Menton. You'll need to save your pennies (tens of thousands of them, actually) to enjoy this fine-dining flagship of the Barbara Lynch empire. But we promise it will be worth every dime dropped: the four-course prix fixe ($95) and chef's tasting ($155) get even pricier once you add wine pairings, but everyone deserves to eat like this at least once. Must-try: The seasonal menus are constantly in flux, but assiette of suckling pig, green garlic crespelle and fava leaf agnolotti all sound like standouts from the current prix fixe. (354 Congress St.; 617-737-0099)

Row 34. It may bill itself as a "working man's oyster bar," but while this sibling to Island Creek Oyster Bar is certainly more casual, it's not exactly a sawdust-covered-floor type of place. An extensive array of oysters, crudo and fabulous seafood is complemented by a craft beer program that surprises with its uncommon curiosity. Must-try: The lettuce cups filled with crispy oysters and pickled vegetables are a perfect starter. (383 Congress St.; 617-553-5900) 

Sam's. You can't beat the dynamic, panoramic views from this seafood-centric spot upstairs from Louis Boston, a high-end clothing store right on the harbor. Modest prices for finer-than-average fare make it a value-driven (yet somewhat undervalued) pearl. Must-try: There's plenty of great "turf" to balance out the "surf," including an excellent rabbit saltimbocca with white bean ragout and crispy prosciutto. (60 Northern Ave.; 617-295-0191)

Sportello. For its five-year anniversary, this Barbara Lynch restaurant underwent a renovation that removed its bakery and refocused attention on modern Italian cuisine in a minimalist setting. The especially strong artisanal wine list also spotlights the work of Lynch's wine director Cat Silirie, who gives her list the careful attention that the cuisine demands. Must-try: Again, Lynch's menus rotate often - but the signature tagliatelle Bolognese is always a welcome guest at our table. (348 Congress St.; 617-737-1234)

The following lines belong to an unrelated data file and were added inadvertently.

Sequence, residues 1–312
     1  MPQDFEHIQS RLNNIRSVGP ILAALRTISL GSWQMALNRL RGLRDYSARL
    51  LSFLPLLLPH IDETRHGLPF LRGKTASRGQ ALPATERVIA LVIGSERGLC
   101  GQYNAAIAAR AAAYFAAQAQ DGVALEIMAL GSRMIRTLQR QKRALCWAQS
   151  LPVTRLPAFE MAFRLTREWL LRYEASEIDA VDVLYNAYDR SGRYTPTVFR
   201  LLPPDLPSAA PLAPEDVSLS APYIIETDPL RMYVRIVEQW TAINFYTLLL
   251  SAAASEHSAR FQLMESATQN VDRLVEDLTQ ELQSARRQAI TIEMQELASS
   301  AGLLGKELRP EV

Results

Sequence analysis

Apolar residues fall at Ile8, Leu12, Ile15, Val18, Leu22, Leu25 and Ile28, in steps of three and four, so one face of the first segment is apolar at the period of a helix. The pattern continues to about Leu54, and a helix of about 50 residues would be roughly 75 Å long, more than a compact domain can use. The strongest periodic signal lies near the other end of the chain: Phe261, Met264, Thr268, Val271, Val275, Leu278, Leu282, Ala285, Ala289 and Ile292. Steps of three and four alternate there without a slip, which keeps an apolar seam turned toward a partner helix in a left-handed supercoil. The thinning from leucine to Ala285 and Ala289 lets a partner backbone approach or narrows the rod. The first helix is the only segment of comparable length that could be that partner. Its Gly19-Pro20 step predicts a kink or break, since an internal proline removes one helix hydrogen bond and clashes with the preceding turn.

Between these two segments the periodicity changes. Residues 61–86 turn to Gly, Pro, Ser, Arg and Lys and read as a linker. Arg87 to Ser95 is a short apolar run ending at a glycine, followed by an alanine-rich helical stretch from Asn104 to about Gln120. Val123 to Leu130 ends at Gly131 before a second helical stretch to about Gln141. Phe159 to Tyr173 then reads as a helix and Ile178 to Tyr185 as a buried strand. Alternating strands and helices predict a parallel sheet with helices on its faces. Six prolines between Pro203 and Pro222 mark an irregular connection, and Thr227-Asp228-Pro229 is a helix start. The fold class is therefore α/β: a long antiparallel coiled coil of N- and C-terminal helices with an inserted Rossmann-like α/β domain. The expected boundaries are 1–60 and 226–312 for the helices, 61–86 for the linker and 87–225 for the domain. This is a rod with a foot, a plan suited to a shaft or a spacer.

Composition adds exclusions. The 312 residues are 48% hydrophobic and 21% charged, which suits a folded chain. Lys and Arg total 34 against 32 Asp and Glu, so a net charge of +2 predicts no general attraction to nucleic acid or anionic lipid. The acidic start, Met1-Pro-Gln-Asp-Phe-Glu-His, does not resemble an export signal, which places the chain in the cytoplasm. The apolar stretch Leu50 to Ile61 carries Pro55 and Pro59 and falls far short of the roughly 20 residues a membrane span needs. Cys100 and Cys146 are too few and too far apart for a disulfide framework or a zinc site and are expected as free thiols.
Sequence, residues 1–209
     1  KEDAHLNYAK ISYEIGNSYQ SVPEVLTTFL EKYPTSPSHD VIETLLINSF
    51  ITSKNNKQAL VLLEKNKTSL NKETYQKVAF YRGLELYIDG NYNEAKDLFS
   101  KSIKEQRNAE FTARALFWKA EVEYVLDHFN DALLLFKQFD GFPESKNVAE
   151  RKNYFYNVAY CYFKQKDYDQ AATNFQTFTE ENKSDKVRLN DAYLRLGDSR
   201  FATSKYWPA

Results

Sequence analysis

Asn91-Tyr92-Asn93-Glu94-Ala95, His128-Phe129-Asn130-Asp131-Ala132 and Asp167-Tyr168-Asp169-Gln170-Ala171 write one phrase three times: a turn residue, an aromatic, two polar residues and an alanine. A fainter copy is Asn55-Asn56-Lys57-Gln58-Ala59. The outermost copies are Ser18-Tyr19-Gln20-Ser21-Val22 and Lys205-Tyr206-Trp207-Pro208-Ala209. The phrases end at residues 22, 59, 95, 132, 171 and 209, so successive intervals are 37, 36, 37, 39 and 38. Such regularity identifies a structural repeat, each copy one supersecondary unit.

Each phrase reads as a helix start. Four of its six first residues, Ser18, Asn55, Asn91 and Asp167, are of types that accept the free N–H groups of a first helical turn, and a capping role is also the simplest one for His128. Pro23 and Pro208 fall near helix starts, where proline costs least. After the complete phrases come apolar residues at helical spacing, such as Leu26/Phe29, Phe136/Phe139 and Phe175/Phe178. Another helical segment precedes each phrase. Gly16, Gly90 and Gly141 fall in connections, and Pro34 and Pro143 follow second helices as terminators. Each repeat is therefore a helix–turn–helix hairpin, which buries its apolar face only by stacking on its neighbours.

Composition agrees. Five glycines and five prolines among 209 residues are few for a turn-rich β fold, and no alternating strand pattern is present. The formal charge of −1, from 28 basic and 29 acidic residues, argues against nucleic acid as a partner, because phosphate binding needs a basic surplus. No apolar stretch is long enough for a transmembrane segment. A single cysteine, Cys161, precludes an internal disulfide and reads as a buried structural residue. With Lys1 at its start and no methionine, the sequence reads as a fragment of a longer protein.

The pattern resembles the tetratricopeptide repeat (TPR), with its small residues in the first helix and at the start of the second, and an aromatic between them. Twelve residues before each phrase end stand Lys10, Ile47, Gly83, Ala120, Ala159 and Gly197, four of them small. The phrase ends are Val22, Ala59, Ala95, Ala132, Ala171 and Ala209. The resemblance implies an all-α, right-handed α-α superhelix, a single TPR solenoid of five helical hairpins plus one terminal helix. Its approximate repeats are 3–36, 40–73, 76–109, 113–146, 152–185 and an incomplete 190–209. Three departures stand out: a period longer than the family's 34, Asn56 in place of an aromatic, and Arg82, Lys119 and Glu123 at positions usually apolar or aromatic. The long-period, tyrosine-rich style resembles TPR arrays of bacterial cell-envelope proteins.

Strega Waterfront. Restaurateur Nick Varano's Seaport outpost boasts the Strega chain's best view. The marina-side space is sleek and sexy and known to bring in its fair share of visiting celebs; Varano has a way of courting (and feeding) A-listers when they come to town. So you might have your meal with a side of star-sightings. Must-try: We love the slight tang of the chicken limoncello, a tender breast sauteed with a limoncello, butter and caper sauce. (1 Marina Park Dr.; 617-345-3992)

Tavern Road. Chef Louis DiBiccari and his co-owner brother, Michael, make quite a team. A killer cocktail program and feel-good vibe have made this a favorite last-call stop for restaurant-world scenesters, and those that love them, since its opening last year. And the modern New England cuisine is refined but not precious and prepared by folks who take their food seriously, but not themselves. Bonus points: the next-door spin-off, TR Street Foods, focuses on gourmet grab-and-go. Must-try: Swim by to try the pan-roasted skate wing with apple relish and pumpkin agro dolce. (343 Congress St.; 617-790-0808)

75 on Liberty Wharf. Small and unassuming, 75 catches attention for its ample patio area right on a harbor dock. But the menu of straightforward American and scrumptious seafood is surprisingly strong and modestly priced for a trending-upscale area of town. Must-try: The creamy herbed clam chowder with bacon is a fantastic rendition of a New England favorite. (220 Northern Ave.; 617-227-0754)